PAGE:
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Local neurosurgeon’s advice on brain injuries for athletes

Just a bump on the head or an injury with more serious consequences? March is Brain Injury Awareness month.  A local neurosurgeon offers his expertise on the below.  “Brainy Days 2019” is series of programs and talks that runs through March 30, sponsored by Florida Atlantic University’s Brain Institute.

“Head injuries are real and more common than you think,” said Delray Beach neurosurgeon Dr. Evan Packer. “You see a lot of concussion-related injuries in the NFL.  Severe head injuries are life altering.”

The Mayo Clinic’s definition: traumatic brain injury usually results from a violent blow or jolt to the head or body.  More serious traumatic brain injury can result in bruising, torn tissues, bleeding and other physical damage to the brain.

Q: What’s important to know in a community like ours?

A: To wear protective devices like helmets or padding. Wear reflective gear [in the dark]. If you have an injury, get it checked out.  Kids participating in sports go back to sports before they’re completely healed.

Q: Is that happening less often?

A: Concussion protocols are more common now.

Q: What do you see most in your practice in Delray Beach?

A: I’m a neurosurgeon and Delray Medical Center is a trauma hospital. Typically, I interface with high-impact or some form of trauma. I had a [high school] football player who had a seizure and subdural hematoma on the field.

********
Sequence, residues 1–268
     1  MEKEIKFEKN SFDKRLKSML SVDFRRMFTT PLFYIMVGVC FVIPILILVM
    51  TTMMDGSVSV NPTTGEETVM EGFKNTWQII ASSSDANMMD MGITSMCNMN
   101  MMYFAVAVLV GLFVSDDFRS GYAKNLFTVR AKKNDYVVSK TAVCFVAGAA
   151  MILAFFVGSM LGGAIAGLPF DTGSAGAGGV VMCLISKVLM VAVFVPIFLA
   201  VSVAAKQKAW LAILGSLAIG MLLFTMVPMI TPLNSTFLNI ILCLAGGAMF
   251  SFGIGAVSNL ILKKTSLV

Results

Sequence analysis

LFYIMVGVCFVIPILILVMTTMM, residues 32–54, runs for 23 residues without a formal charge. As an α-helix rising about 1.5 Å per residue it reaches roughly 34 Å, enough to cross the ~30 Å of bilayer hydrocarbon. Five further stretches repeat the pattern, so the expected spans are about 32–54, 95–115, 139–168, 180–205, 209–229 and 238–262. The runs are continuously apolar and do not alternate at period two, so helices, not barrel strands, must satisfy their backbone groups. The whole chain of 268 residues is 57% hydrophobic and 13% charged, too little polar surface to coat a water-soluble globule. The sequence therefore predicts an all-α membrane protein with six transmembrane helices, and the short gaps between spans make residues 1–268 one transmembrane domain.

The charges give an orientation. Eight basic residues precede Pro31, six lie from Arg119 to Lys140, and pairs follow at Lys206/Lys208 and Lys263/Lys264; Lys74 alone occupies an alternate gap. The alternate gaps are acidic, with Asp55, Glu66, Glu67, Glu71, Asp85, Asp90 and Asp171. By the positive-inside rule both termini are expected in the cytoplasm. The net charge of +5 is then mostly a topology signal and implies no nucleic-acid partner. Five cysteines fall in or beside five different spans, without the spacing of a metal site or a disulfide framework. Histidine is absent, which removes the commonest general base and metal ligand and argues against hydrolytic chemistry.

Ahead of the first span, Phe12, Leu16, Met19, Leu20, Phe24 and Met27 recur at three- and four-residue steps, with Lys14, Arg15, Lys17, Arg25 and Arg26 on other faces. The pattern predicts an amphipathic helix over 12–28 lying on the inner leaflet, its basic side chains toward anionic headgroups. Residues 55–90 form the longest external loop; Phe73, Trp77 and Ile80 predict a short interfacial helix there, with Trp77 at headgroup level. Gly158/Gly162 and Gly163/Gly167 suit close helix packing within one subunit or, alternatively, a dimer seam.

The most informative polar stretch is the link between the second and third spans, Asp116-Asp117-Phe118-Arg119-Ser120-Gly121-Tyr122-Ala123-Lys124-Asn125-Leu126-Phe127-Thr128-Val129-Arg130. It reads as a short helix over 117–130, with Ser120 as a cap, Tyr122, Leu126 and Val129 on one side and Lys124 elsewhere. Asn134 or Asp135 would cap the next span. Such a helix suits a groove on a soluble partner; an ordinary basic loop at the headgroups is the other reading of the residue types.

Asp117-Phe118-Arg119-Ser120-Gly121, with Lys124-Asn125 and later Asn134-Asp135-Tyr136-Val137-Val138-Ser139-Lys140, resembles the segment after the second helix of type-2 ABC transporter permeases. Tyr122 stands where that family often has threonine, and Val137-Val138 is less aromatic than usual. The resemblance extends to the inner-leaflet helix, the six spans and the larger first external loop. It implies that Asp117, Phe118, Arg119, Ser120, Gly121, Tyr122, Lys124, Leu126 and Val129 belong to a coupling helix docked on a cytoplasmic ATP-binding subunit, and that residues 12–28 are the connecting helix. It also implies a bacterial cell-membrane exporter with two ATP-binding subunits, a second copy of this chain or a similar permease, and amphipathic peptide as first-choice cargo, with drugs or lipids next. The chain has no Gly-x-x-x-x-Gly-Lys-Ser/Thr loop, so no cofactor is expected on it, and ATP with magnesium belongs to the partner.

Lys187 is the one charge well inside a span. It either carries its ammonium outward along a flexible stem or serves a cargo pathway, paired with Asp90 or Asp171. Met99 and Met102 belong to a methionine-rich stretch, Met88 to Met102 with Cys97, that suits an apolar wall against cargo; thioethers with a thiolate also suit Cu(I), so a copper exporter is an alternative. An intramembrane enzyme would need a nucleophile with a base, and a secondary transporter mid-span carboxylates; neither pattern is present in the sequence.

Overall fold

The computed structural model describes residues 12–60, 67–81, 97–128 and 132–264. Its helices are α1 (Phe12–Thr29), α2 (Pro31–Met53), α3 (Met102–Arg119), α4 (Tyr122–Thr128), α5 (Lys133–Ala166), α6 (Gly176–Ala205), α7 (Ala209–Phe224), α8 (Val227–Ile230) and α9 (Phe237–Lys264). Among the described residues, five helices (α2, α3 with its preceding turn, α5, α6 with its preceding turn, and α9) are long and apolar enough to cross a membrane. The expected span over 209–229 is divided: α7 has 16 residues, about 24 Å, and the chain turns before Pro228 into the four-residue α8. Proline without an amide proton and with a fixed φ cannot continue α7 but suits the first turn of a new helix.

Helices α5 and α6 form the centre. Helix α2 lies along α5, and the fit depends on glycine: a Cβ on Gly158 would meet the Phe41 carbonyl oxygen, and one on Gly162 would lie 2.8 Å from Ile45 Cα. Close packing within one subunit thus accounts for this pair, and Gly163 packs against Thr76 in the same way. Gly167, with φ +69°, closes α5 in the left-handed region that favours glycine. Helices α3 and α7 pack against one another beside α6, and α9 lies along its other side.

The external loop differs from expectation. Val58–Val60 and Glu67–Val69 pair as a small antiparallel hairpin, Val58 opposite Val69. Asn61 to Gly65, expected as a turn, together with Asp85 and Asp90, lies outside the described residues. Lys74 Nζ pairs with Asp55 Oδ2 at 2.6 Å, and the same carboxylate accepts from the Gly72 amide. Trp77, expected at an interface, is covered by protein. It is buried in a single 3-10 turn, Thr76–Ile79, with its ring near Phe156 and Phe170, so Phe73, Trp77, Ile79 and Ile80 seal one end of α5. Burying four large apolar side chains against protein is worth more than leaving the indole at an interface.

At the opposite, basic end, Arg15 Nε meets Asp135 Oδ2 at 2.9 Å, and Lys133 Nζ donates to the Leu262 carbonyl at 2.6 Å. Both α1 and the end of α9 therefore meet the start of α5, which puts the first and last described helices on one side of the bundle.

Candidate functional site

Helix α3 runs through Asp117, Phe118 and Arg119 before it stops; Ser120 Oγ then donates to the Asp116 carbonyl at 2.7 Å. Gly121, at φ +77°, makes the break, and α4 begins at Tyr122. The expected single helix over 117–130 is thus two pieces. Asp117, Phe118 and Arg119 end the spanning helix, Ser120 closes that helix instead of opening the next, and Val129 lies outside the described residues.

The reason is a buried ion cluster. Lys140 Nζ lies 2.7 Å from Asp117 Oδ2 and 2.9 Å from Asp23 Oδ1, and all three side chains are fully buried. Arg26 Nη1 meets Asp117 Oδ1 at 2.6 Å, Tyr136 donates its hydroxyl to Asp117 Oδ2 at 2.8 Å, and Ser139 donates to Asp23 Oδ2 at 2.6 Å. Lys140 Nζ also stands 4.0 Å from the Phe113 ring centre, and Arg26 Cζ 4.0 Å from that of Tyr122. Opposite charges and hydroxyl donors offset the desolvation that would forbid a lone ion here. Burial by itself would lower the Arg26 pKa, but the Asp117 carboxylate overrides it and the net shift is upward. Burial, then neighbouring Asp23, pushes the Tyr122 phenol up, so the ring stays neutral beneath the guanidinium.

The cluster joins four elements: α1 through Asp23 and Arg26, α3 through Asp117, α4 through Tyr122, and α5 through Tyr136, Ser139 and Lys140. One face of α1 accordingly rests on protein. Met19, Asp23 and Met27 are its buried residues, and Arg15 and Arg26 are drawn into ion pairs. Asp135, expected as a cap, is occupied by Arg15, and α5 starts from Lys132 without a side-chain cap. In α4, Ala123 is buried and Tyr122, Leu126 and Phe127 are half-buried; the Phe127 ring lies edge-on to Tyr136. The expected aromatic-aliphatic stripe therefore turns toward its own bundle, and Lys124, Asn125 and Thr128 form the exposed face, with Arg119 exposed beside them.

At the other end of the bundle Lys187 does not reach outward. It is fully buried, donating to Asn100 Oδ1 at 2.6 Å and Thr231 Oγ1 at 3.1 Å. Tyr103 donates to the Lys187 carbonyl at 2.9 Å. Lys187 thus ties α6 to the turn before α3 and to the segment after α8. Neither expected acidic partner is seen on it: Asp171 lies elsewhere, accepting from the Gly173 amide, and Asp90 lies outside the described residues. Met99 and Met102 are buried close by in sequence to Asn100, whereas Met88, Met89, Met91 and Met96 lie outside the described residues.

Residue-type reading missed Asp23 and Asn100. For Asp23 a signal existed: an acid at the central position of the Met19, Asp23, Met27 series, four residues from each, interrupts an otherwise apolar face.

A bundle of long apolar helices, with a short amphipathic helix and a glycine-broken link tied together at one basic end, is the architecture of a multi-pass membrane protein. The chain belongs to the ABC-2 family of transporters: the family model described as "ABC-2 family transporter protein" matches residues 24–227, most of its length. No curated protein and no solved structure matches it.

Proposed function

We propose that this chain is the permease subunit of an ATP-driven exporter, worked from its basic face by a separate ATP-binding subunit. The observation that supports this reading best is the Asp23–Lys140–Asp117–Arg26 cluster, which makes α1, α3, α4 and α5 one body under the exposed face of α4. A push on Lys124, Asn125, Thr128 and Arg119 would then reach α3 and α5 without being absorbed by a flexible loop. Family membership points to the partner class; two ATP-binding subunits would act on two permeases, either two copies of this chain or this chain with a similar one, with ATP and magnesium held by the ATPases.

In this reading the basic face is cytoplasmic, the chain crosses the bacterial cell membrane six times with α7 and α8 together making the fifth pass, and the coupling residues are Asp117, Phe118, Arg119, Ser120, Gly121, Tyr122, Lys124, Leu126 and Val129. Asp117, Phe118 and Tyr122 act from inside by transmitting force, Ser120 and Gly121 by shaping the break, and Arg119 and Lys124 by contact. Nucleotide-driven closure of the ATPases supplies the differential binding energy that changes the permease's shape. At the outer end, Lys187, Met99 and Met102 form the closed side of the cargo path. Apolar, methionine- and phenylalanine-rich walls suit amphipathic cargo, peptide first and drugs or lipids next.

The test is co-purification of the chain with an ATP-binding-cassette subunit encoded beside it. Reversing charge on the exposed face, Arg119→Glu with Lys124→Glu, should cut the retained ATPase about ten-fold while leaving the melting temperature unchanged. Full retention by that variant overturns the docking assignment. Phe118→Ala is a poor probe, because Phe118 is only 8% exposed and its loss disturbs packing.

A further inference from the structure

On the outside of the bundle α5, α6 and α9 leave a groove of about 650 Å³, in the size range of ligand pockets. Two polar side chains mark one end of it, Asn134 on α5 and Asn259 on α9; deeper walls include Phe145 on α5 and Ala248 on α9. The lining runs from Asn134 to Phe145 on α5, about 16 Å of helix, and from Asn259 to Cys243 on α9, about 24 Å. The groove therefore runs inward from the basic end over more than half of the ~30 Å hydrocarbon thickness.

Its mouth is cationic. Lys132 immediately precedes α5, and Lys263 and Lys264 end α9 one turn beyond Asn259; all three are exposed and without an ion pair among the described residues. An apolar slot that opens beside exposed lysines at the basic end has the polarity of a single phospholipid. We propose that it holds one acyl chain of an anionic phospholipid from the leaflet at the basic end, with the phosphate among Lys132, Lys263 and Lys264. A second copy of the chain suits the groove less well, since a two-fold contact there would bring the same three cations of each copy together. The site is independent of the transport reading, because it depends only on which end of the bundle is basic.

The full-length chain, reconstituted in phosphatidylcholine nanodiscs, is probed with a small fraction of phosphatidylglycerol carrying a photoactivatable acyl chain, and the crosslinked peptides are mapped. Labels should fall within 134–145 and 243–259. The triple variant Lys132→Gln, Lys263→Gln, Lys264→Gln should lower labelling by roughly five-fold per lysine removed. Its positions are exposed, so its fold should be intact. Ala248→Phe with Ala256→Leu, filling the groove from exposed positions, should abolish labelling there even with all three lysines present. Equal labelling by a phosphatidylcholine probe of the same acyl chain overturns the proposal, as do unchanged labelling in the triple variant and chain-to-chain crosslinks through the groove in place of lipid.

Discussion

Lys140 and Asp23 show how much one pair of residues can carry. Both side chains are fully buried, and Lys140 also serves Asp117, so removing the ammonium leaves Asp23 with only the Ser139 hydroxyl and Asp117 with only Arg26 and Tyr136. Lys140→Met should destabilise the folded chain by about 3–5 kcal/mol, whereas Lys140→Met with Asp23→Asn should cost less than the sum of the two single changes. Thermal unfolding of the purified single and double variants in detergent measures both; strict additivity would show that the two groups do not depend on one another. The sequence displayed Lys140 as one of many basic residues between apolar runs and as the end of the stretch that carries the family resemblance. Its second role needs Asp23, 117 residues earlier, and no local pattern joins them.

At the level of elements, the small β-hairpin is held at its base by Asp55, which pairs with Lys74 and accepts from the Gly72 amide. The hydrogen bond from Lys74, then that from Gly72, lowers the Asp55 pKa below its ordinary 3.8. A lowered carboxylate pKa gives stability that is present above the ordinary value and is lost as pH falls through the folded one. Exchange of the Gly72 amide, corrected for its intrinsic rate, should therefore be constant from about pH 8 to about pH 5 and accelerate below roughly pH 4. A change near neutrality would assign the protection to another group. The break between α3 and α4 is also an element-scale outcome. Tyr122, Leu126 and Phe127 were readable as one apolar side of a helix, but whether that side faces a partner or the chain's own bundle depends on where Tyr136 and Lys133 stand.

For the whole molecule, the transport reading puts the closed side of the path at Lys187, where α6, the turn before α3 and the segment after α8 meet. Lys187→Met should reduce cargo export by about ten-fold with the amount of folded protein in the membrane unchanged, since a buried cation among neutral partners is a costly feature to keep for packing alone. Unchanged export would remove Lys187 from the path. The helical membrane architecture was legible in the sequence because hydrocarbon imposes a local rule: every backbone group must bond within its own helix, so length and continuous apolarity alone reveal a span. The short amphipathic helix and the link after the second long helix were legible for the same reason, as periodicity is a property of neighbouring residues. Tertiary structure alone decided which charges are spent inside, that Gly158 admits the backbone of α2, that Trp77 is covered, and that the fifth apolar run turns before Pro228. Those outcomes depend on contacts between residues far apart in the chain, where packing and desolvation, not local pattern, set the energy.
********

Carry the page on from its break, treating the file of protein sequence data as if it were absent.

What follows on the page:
Q: What happened to him?

A: We operated on him and fortunately he’s back at school. He’s not going to play football anymore because of the risk.

Q: What do your patients want to know and what do you tell them?

A: I get asked a lot of questions. It’s up to parents to decide on sports and the risk involved. Bike riding is inherently dangerous and we see a lot of injuries. They might be hit by a driver not paying attention.

Q: So what’s your advice to bicyclists?

A: Be vigilant this can happen and wear a helmet.

Q: What’s new in your field?

A: Imaging gets better and there’s more understanding of the injuries and recognizing them early. That’s what’s different.

Q: So what should people look for?

A: If there is such an injury, seek medical attention and treat it appropriately. If someone has a persistent headache, memory problem or confusion, see your primary doctor or go to a hospital.

By Marci Shatzman

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